Answer to Question from Last Issue (6-3-2020)

Question: Why are the water droplets arranged so evenly around the edge of this cucurbit leaf?

Answer:

The water droplets came out of pores that are at the edge of the leaf where a vein ends. The pores are called hydathodes. The droplets form through the process of guttation. Guttation is when the water pressure in the plant is high enough to force water out of the hydathodes. This occurs when soil moisture and humidity are high, typically at night during rainy humid weather.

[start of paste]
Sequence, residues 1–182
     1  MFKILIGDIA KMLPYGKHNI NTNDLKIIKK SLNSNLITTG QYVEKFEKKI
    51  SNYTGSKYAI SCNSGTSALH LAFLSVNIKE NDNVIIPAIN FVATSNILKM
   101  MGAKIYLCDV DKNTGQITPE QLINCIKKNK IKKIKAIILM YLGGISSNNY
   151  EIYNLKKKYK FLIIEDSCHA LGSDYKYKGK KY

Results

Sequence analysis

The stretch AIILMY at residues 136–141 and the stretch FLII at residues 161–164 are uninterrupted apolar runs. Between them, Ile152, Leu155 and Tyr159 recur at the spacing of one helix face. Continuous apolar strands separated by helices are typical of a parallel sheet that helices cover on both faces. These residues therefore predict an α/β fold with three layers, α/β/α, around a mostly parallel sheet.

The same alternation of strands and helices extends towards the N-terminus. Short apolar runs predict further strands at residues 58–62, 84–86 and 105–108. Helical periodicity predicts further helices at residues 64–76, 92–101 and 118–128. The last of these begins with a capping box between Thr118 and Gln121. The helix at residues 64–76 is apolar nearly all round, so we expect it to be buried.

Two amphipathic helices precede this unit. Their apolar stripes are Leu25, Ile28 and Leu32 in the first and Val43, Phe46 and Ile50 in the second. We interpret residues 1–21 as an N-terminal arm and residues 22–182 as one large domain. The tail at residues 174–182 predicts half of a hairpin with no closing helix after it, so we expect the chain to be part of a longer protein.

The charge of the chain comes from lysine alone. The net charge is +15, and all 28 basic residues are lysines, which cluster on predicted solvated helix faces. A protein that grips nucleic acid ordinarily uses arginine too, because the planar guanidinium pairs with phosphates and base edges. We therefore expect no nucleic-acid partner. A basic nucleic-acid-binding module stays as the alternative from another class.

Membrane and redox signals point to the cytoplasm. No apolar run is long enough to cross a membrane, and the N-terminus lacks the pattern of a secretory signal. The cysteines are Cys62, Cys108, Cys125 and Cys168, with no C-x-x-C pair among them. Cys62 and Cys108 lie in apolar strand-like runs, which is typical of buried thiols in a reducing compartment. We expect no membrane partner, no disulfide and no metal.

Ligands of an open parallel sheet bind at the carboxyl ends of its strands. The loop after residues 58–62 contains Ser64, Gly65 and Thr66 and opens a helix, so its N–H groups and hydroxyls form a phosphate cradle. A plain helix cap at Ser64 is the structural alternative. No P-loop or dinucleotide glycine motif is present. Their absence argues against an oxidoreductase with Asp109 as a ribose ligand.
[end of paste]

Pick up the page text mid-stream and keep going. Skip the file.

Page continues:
The hydathodes may also serve as a means for bacterial pathogens to enter leaves. The water droplets can be drawn back into the plant as the sun comes out, relative humidity drops, and the leaf begins to lose water through transpiration. When bacterial diseases are present, these water droplets can be a major means of disease spread if people,  animals,  equipment, wind, or rain move water droplets containing bacteria from one plant to another.

For instance, see how the angular leaf spot on this cantaloupe leaf starts at the leaf margin and moves down the vein.

Black rot of cabbage and other crucifers also can enter through hydathodes and spread down the veins.

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